Normal aging of the brain is accompanied by a slight but permanent decrease in the formation of energy in the brain due to changes in the work of various systems involved in cerebral energy supply. There is a decrease in cerebral blood flow, damage to BBB, decreases glucose metabolism, and there are impaired mitochondria in the nerve and glial cells. Desensitization of neuronal insulin receptors plays an important role in the change in glucose metabolism , which is especially enhanced by stress under the influence of cortisol, followed by dysfunction of these receptors as a result of changes in the structure and function of membranes. Decreased aerobic glucose metabolism and the relative predominance of glycolysis cause intracellular neuronal acidosis. Acidification promotes the intensification of free radical oxidation, damaging the membrane, nucleus and other structures of neurons (J. Bralet et al., 1991; S. Rehncrona et al., 1989; cit. To E. Roberts, T. Sick, 1996). A significant decrease in pH triggers the mechanisms of apoptosis – programmed cell death (D. Di ng et al., 2000) .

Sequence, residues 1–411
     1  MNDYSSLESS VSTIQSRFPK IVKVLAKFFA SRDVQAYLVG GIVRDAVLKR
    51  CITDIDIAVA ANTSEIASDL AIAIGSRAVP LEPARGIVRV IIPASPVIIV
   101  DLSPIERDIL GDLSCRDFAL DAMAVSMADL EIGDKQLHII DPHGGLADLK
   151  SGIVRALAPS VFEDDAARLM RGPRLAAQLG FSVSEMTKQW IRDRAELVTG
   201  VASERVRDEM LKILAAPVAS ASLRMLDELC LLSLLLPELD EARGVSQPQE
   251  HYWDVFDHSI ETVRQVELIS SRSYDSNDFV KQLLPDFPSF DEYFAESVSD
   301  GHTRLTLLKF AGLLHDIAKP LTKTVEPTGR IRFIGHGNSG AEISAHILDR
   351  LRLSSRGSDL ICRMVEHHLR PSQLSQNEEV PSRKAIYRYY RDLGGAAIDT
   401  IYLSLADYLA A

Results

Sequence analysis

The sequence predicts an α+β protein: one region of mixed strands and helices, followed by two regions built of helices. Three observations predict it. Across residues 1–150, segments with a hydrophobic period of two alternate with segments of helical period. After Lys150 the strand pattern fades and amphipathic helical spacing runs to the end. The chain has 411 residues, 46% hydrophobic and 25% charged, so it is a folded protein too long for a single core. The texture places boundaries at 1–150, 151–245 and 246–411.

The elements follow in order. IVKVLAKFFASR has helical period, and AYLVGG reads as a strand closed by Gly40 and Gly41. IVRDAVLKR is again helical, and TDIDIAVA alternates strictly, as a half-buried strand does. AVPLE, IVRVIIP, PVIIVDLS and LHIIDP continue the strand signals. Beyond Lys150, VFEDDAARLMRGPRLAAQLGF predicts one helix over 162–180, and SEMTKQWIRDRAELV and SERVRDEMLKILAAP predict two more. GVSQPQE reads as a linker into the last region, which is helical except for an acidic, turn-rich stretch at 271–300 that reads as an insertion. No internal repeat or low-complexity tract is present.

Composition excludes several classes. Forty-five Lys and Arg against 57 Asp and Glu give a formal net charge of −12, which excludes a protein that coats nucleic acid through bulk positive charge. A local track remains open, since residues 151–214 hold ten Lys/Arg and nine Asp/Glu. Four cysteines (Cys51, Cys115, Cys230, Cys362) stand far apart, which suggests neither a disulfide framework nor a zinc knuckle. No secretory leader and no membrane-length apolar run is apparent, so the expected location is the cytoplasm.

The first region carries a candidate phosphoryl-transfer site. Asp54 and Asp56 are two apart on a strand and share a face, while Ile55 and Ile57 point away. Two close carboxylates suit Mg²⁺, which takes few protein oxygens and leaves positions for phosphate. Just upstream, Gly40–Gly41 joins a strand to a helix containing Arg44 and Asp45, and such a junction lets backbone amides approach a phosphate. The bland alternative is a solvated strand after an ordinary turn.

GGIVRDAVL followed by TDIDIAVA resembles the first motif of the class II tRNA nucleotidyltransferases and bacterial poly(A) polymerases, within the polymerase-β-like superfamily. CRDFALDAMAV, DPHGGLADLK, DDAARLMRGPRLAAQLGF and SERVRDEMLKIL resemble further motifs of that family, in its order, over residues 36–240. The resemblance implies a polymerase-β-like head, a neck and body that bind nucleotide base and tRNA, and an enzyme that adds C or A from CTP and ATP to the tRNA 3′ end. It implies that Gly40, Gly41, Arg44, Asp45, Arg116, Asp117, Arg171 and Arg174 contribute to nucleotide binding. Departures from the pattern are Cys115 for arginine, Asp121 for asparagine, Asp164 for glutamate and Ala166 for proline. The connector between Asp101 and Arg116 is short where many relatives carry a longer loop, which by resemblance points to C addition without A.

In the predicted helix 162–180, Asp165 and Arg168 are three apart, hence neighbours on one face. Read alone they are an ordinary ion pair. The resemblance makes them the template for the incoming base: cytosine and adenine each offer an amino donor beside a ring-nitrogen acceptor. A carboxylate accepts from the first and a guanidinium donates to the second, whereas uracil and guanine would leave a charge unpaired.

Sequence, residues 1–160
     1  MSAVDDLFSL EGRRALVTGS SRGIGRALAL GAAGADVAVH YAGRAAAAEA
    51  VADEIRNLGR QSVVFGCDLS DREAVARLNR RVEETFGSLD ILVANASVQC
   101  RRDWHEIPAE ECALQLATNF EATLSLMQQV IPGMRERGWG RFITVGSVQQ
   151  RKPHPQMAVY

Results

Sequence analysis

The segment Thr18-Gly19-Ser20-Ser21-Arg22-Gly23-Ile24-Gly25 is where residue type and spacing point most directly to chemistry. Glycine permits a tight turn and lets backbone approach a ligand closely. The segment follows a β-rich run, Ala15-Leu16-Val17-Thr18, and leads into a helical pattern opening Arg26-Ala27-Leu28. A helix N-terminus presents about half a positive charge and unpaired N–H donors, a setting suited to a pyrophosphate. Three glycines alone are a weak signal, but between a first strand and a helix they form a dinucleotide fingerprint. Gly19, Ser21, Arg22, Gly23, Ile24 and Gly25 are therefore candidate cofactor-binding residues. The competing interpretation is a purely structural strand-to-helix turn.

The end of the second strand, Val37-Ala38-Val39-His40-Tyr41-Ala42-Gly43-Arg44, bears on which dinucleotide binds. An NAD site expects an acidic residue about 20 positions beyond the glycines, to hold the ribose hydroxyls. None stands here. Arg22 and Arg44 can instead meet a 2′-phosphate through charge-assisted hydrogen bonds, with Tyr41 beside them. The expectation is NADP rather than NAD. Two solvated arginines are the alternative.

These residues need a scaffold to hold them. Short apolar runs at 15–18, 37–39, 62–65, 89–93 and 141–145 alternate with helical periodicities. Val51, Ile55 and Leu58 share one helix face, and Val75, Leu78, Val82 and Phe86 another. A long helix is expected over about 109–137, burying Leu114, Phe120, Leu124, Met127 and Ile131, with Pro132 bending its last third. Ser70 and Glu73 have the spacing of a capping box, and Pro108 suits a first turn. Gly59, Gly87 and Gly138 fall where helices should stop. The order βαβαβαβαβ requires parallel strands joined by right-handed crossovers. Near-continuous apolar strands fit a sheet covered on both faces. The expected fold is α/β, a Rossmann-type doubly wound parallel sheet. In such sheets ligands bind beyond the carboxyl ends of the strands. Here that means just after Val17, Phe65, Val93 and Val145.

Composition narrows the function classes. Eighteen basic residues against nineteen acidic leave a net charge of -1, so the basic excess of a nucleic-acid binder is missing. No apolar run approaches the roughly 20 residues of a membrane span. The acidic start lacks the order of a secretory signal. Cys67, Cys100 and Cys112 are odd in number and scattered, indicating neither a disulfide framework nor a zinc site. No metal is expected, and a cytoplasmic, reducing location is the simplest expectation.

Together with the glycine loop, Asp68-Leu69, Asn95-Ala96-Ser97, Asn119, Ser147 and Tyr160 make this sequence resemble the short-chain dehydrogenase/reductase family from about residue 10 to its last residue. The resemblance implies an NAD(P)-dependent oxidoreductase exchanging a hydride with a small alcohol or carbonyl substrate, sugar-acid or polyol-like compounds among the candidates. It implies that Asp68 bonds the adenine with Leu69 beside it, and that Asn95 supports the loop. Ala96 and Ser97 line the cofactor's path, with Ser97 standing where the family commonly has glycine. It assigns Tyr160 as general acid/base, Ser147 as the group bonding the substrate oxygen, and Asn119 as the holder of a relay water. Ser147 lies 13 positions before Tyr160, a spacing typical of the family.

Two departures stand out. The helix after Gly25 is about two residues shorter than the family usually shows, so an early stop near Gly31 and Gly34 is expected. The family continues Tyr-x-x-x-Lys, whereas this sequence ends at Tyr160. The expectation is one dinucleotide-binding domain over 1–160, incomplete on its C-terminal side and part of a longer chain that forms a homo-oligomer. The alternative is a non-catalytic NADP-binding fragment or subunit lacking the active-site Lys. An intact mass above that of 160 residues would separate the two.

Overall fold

Especially significant violations of energy metabolism in older people are observed under stress. At the same time, the energy metabolism storage paths associated with the use of ketone bodies as an energy substrate are activated, glycolysis is further enhanced, which leads to acidosis and increased free-radical processes. An increase in the release of the excitatory glutamate mediator during stress leads to the accumulation of intracellular calcium, under the influence of which Ca-dependent proteases, endonucleases, and phospholipases are activated, causing the degradation of the most important neuron structures. The chain of these processes leads to neurodegeneration and contributes to the development of AD.